Hannah Caldwell informed us that she was told the surprising news one morning by a friend with a one year old boy.
“At first I couldn’t believe what she was telling me. ‘What do you mean, they can’t make those cards?’ I asked her, incredulous. So she gave her son some pritt stick, safety scissors and cardboard, and let him loose. He ended up with his face stuck to the cat and the cardboard shoved down his nappy.
“It’s been an absolute revelation. Most of them aren’t even toilet trained, apparently. Why would they lie on television like this? Why do the parents even make the cards? If the kids can’t make those cards, they certainly won’t understand what’s going on when the presenter holds them up to the camera. Who are the shows even aimed at? Apparently Josh, my friend’s son, only watches the shows for the silly noises and bright colours.”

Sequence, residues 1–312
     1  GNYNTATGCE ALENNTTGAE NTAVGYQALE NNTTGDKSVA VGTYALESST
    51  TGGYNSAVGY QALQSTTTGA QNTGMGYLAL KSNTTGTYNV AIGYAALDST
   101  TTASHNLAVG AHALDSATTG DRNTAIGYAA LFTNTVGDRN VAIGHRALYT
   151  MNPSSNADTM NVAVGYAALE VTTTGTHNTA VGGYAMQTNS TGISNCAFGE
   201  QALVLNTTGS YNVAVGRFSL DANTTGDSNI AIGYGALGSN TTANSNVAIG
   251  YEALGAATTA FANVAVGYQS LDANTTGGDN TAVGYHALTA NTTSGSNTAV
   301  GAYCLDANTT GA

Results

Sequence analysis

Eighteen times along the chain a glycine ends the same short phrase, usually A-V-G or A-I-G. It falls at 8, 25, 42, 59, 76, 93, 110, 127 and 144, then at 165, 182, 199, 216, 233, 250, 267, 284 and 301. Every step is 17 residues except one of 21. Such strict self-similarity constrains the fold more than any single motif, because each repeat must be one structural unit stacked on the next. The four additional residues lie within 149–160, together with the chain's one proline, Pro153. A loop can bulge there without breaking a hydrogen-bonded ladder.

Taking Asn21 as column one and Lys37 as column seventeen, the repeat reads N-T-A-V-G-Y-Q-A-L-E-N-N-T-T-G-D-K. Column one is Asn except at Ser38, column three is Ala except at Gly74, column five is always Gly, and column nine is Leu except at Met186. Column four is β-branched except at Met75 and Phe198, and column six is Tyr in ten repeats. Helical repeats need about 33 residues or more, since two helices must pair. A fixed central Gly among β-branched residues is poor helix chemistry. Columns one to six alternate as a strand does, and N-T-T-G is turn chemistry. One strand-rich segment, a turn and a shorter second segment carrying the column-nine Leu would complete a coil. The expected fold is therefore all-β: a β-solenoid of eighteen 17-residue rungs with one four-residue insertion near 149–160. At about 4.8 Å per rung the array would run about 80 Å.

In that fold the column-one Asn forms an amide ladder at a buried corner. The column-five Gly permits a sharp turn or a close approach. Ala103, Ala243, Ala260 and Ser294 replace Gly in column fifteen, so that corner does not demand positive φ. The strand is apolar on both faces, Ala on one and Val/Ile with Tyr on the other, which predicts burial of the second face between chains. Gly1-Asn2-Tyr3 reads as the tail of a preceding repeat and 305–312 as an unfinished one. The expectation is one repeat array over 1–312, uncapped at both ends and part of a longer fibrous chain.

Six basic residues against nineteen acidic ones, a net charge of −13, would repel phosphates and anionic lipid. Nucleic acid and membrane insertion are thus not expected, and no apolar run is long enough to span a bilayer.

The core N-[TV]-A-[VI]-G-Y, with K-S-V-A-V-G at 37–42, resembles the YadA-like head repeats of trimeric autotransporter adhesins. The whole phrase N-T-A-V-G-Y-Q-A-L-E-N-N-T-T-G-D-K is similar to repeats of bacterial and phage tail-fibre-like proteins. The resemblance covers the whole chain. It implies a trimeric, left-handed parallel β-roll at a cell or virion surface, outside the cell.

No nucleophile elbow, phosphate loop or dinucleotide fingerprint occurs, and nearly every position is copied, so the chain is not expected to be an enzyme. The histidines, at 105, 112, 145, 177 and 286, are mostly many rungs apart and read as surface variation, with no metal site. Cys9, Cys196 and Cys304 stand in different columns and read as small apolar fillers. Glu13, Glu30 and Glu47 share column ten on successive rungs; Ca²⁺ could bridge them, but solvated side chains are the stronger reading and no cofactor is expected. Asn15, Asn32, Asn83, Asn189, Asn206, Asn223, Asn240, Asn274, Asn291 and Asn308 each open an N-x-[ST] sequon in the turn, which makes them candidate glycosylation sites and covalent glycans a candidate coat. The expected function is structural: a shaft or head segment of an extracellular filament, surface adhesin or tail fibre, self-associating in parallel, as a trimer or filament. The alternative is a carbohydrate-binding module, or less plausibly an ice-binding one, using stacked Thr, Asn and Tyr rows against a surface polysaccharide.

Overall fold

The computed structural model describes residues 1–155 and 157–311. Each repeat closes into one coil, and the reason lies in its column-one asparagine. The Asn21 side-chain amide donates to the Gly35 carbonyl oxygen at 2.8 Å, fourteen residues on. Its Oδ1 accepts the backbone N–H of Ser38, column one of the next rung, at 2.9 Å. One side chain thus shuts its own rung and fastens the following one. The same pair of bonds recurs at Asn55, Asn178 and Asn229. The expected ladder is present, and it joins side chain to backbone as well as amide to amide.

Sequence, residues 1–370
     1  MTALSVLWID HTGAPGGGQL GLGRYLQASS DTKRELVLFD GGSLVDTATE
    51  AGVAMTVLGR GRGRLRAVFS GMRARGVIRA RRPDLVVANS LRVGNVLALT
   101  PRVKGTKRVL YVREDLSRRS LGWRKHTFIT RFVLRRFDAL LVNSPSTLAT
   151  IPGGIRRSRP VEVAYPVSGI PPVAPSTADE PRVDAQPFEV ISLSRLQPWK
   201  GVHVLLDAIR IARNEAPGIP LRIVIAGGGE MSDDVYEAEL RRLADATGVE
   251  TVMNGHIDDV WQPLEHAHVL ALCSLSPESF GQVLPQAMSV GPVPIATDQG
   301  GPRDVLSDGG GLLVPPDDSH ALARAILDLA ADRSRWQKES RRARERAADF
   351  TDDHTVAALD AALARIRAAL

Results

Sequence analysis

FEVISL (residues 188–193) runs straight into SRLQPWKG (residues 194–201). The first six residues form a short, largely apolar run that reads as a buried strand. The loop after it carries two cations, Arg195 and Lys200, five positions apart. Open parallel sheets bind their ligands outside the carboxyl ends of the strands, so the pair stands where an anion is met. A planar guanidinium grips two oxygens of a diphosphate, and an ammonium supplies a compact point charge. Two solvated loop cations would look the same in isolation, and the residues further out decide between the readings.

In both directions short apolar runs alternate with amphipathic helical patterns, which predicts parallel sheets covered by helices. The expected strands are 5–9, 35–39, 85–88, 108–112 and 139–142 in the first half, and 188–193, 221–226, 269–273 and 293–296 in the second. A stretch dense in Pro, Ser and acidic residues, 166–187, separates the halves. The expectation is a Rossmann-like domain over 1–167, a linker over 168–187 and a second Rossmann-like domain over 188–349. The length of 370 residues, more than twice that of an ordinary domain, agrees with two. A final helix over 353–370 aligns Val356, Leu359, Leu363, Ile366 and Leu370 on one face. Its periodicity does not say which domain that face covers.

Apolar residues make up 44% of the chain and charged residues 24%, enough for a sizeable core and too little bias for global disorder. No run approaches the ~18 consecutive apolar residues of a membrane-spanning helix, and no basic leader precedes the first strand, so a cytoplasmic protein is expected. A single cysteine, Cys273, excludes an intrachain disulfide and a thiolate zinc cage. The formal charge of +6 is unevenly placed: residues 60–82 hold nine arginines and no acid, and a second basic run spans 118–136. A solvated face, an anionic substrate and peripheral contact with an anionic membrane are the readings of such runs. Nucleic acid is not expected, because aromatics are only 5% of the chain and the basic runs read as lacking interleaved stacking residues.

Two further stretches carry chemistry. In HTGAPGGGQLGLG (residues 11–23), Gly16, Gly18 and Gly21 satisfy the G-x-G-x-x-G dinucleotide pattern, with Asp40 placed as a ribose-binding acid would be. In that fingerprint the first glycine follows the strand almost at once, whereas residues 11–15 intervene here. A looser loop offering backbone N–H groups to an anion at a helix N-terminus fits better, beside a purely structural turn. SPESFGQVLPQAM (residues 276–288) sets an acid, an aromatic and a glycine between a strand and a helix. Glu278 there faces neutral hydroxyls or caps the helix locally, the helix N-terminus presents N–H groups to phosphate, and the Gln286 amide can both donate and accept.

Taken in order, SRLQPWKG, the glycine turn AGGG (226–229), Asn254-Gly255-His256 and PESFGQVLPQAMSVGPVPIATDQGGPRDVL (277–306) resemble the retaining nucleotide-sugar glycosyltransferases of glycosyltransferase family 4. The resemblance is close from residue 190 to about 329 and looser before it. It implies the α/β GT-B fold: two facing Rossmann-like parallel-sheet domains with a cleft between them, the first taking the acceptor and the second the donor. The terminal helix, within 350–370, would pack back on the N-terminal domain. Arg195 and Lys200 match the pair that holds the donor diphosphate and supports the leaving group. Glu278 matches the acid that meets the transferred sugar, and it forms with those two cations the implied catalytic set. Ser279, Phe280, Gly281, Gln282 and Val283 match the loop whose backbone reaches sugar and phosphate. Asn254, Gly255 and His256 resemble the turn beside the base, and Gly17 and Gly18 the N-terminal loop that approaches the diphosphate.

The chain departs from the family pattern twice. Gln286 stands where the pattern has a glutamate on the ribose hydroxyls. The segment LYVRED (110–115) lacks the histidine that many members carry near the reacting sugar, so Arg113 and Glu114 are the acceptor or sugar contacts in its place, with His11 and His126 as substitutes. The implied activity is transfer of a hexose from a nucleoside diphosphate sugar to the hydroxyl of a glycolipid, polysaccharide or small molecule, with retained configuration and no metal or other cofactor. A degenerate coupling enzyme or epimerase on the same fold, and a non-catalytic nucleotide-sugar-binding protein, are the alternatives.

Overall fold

If this seems like a light-hearted tale of a minor misconception, it’s worth pointing out the consequences of Hannah’s ignorance.
“I’ve completely misjudged the capabilities of very small children for years,” she said to us. “I used to think they were rude when they never held doors open. When I went to friends houses, and they had to leave me with their child, I would ask them for a cup of tea and wonder why they just dribbled on me. I would ask them what they thought of Broadchurch, expecting an almost Hayley Joel Osment level of conversation. All I got was “Gar!” repeated at me over and over. Apparently it meant ‘dog’. Didn’t sound like ‘dog’ to me.
“I could never understand why they just sat there either, or walked back and forth across the living room carrying things. Maggie in The Simpsons used to go off and do her own thing, plotting assassinations or whatever. TV is just so misrepresentative of children.”
Hannah is now planning on writing a book for adults on how children aren’t actually multi-talented geniuses. Her publishers have asked her to tone down the big words, as most adults have a literacy age of nine.